Modeling and calculating the effect of treatment at baseline from panel outcomes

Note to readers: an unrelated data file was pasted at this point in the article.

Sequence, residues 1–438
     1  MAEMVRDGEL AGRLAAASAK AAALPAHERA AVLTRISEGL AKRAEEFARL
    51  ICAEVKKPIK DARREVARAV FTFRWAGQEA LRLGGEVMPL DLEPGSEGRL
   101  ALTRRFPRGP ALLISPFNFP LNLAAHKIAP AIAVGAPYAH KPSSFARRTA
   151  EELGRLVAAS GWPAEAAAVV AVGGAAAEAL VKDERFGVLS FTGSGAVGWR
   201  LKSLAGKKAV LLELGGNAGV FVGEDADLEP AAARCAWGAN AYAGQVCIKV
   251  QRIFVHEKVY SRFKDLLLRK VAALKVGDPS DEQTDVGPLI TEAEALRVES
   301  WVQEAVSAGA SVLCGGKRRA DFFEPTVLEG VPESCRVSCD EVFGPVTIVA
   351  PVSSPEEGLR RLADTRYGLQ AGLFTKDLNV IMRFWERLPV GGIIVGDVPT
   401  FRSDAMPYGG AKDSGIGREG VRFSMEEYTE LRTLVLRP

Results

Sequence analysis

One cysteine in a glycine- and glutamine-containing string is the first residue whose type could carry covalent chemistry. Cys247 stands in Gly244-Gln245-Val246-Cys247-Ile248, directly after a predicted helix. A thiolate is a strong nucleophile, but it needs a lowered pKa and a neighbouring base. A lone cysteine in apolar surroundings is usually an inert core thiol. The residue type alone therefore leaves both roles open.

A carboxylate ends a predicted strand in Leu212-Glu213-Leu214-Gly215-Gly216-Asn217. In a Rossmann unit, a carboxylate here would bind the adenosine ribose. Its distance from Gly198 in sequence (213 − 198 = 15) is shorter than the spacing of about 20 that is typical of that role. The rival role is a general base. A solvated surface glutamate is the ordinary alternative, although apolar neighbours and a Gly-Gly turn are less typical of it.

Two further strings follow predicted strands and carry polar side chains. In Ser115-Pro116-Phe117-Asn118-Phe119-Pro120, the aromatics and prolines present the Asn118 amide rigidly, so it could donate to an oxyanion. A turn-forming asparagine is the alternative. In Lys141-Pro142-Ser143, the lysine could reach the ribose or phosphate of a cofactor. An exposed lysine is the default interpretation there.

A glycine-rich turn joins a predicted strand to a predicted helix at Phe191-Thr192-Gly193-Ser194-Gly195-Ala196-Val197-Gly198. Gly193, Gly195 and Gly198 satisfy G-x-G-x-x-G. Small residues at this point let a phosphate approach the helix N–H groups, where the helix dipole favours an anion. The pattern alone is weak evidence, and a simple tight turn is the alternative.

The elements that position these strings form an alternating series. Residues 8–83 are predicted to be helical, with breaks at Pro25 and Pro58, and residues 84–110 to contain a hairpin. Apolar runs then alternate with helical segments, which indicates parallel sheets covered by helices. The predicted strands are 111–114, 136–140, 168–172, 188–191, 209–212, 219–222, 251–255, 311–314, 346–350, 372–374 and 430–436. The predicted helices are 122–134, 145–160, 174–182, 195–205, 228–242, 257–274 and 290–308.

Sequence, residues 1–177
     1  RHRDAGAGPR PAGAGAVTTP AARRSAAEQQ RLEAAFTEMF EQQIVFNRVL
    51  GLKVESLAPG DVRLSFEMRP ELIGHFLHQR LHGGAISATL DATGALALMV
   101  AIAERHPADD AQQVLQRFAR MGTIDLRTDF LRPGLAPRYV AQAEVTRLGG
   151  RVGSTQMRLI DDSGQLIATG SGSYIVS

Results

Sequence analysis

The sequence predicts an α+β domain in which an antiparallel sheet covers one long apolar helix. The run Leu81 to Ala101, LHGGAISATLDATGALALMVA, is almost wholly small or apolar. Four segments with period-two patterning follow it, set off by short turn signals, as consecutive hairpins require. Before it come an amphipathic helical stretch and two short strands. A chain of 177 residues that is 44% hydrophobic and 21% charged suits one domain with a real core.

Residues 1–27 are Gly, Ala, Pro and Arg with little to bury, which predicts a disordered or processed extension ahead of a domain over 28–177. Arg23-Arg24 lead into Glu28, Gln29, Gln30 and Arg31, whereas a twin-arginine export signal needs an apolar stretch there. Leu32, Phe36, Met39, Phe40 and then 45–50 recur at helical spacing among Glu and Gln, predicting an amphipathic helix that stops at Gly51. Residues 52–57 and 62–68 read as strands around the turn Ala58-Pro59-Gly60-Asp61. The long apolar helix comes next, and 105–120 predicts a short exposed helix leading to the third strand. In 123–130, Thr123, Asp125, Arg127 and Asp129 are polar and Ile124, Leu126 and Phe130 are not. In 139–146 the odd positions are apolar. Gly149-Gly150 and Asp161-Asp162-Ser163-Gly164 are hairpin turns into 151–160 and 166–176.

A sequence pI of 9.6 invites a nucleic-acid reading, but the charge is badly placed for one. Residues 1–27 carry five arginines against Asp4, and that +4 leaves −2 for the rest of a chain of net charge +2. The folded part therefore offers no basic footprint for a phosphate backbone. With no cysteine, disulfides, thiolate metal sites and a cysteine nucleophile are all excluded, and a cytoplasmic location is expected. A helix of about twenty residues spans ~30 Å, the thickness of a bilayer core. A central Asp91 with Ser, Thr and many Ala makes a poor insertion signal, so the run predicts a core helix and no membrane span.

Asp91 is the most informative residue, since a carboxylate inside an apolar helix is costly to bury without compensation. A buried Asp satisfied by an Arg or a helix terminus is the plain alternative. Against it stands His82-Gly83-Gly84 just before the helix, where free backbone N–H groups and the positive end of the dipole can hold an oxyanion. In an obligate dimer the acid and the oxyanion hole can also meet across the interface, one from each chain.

We propose and examine a panel data model for isolating the effect of a treatment, taken once at baseline, from outcomes observed over subsequent time periods. In the model, the treatment intake and outcomes are assumed to be correlated, due to unobserved or unmeasured confounders. Intake is partly determined by a set of instrumental variables and the confounding on unobservables is modeled in a flexible way, varying both by time and treatment state. Covariate effects are assumed to be subject-specific and potentially correlated with other covariates. Estimation and inference is by Bayesian methods that are implemented by tuned Markov chain Monte Carlo methods. Because our analysis is based on the framework developed by Chib [2004. Analysis of treatment response data without the joint distribution of counterfactuals. Journal of Econometrics, in press], the modeling and estimation does not involve either the unknowable joint distribution of the potential outcomes or the missing counterfactuals. The problem of model choice through marginal likelihoods and Bayes factors is also considered. The methods are illustrated in simulation experiments and in an application dealing with the effect of participation in high school athletics on future labor market earnings.